Philippine Red Cross marks 69 years, looks to the future

Timothy Justin Emata
The Philippine Red Cross recounts what it has done over the years and strives to further live up to its vision of providing service to humanity

CONGRATULATIONS. PRC Chairman Richard Gordon gives a talk on the organization’s achievements and answers concerns on a press conference during the 69th anniversary of the PRC. Photo by Nico Aquino

MANILA, Philippines – The Philippine Red Cross (PRC) celebrated its 69th anniversary, recalling its decades of service in times of disasters.

PRC Chairman Richard Gordon, along with the board of governors, congratulated volunteers on Friday, April 15.

The PRC hailed achievements over the years, which included building at least 139,000 homes nationwide.

Ramsey Rayyis, Programme Coordinator of the International Federation of Red Cross and Red Crescent Societies (IFRC) praised the PRC, saying, “it is the most amazing Red Cross organization I have ever worked with.”

He said he has personally seen how the volunteers and members of the organization worked in accordance with IFRC’s vision and their commitment to their work.

Rayyis congratulated the PRC for its relief operation during Yolanda in 2013, saying it was “one of the most remarkable and successful relief and recovery operations not just in Asia-Pacific but as we’ve seen globally.”

Two years after Super Typhoon Yolanda (Haiyan), the PRC was able to build more than 66,000 homes, 14% shy of their 80,203 target for 2015.

Aside from the houses, the PRC also provided cash grants worth P2,000 to P5,000 to 58,091 families.

LOOKING FORWARD. The next frontier for the PRC, according to its chair Richard Gordon, is developing responders and volunteers. Photo by Nico Aquino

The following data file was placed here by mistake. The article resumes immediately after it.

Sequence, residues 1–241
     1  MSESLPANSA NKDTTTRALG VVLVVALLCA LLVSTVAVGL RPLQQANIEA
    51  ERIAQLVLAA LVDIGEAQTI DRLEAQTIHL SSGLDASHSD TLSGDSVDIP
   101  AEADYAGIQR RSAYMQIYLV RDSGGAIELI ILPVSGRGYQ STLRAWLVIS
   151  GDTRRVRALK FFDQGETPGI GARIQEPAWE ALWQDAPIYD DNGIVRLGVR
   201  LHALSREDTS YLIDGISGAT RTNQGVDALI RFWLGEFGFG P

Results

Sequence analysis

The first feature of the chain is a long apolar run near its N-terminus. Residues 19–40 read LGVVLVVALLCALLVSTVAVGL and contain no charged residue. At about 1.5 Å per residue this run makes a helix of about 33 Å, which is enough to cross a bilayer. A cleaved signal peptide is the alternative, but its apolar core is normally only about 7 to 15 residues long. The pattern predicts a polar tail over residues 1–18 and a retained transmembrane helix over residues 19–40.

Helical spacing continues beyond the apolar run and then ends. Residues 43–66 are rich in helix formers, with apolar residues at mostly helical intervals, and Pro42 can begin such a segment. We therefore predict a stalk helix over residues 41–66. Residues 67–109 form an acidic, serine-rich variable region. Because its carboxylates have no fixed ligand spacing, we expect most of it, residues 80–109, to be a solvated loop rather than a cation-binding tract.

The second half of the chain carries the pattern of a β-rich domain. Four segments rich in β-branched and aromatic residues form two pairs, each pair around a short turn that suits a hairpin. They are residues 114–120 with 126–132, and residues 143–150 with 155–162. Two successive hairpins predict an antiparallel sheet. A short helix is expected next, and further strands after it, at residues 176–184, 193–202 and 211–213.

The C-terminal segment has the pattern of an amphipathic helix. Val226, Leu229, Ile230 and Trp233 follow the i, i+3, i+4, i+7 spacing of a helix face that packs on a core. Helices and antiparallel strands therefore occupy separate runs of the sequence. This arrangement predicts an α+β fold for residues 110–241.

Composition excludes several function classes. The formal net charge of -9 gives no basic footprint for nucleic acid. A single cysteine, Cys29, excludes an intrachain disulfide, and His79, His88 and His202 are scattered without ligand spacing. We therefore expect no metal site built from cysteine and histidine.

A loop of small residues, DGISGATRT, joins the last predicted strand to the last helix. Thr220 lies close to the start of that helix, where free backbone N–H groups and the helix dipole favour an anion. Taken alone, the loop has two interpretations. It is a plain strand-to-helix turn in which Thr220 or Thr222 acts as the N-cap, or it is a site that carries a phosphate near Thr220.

New threats, new response

But as the world changes and new threats emerge, how will the PRC evolve with it?

“We have people in front of the hospitals, volunteers in front of funeral parlors so we can immediately know the extent of the casualties, and our ambulances are ready,” answered Gordon. (READ: Humanitarian work ‘riskier, more dynamic’ – ICRC head)

When asked about the preparedness of the PRC in these kinds of situations, he said, “In a disaster, no matter how prepared you are, this is where the leadership comes in.” 

On the recent Kidapawan incident in North Cotabato and the danger posed by El Niño, Gordon said he has provided medical assistance to the hungry and injured.

He added that he intends to send out ripples so people will receive messages of hope. He said he wants to include everyone in the process of serving and teaching disaster preparedness. (WATCH: #FirstAidPH app: Life-saving tips at your fingertips)

The PRC’s new mobile application, First Aid PH, was launched to bring important first aid information to individuals. The app, which can run without an Internet connection once downloaded, gives step-by-step instructions and a direct connection to the 143 emergency hotline.

In its 69 years, the PRC has seen and responded to a lot of disasters, so will the shift to developing more responders mean more success for another 69 years? –

Timothy Justin Emata, a Development Communication student from Xavier University-Ateneo de Cagayan, is a MovePH intern.